Have you tried to get a dynamic and thought-provoking discussion going with a diverse group of people? Every time you interact, virtually or in person, with someone with a different cultural background, you have the chance to open yourself up. It is like flipping a coin. You could become offended, confused, or dismissive. Or you can use that opportunity to learn something new. Whether you are in a Facebook group, Zoom call with your remote office, or in a challenging board meeting, a few principles can help create the conditions for a meaningful discussion instead of discord.
To begin understanding a different worldview and potentially reach shared positions, establishing a safe discussion environment is the first step. With a shared purpose, mutual trust, the desire to listen, and mindfulness skills, diverse groups of people can come together to improve their understanding of new perspectives.
Down Home in Georgia
My life is riddled with experiences in contrasting world views. I was a high school student in suburban Atlanta, Georgia when the twin towers were attacked during 9/11. My family is a Muslim part of the Indian diaspora. Although I do not identify as Muslim, I felt sympathy for those in my community experiencing Islamophobia or marginalization. In the tense times after that tragedy, I saw countless instances where people missed nuanced points of view. Anger cannibalized the ability to detect or understand nuance.
Since then, I have been paying attention to identifying the optimal moments to exchange perspectives. My practice of law and work in litigation clearly showed how expensive it is to fight in courts instead of finding common ground. My interest in community organizing, conflict resolution, and ultimately, even travel, is grounded in hearing ideas that are different from mine.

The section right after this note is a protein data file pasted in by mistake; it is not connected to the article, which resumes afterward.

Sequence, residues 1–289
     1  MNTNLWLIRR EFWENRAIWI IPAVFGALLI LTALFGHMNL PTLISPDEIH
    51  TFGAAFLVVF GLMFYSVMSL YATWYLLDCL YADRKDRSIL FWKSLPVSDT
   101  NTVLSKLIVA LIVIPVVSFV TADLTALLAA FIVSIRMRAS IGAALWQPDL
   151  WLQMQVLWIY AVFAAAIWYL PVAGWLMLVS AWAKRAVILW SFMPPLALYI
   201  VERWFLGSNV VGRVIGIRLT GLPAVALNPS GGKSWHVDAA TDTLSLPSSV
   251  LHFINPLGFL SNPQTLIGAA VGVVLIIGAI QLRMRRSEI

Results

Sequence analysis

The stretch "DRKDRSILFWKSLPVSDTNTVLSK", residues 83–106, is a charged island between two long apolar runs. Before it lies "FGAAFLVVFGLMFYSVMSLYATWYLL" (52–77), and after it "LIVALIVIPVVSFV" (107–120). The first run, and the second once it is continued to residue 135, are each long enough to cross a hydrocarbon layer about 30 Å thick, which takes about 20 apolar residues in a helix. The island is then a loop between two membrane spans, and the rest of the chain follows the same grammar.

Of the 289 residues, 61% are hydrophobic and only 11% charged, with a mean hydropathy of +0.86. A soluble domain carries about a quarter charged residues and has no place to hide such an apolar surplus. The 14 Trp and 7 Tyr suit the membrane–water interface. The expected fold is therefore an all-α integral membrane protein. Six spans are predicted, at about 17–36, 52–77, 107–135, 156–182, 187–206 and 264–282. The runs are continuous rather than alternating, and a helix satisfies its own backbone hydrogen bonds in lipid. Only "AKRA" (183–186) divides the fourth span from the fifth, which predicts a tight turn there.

Nowadays the headlines announce climate change, racial injustice, and divided national politics. There seem to be countless topics that could antagonize us. The basic principles I started to learn in Georgia laid the groundwork for my toolkit in learning to hear another person’s perspective. With shared goals, a safe space to discuss, empathetic listening, and mindfulness, we have the basic ingredients for a meaningful discussion.
1. Solutions, not Reactions
Around June 2020, shortly after the murder of George Floyd, the Black Lives Matter demonstrations went from an American concern to a global movement. In Tokyo, I became a moderator for the local BLM Facebook group. I shared a video of a prominent Atlanta-based rapper who consoled an angry crowd. People in Georgia were angry at years of abuse at the hands of police; they were ready to burn Atlanta again. The rapper reminded the crowd that they would not solve anything by burning down their own homes. He moved people’s attention, instead, towards a search for solutions. With his moving example, I called for any forum members who wanted to join me in discussing solutions. From there we started a smaller, informal discussion group. For the next six months, and onwards, we held regular discussions in which we talked through social justice solutions.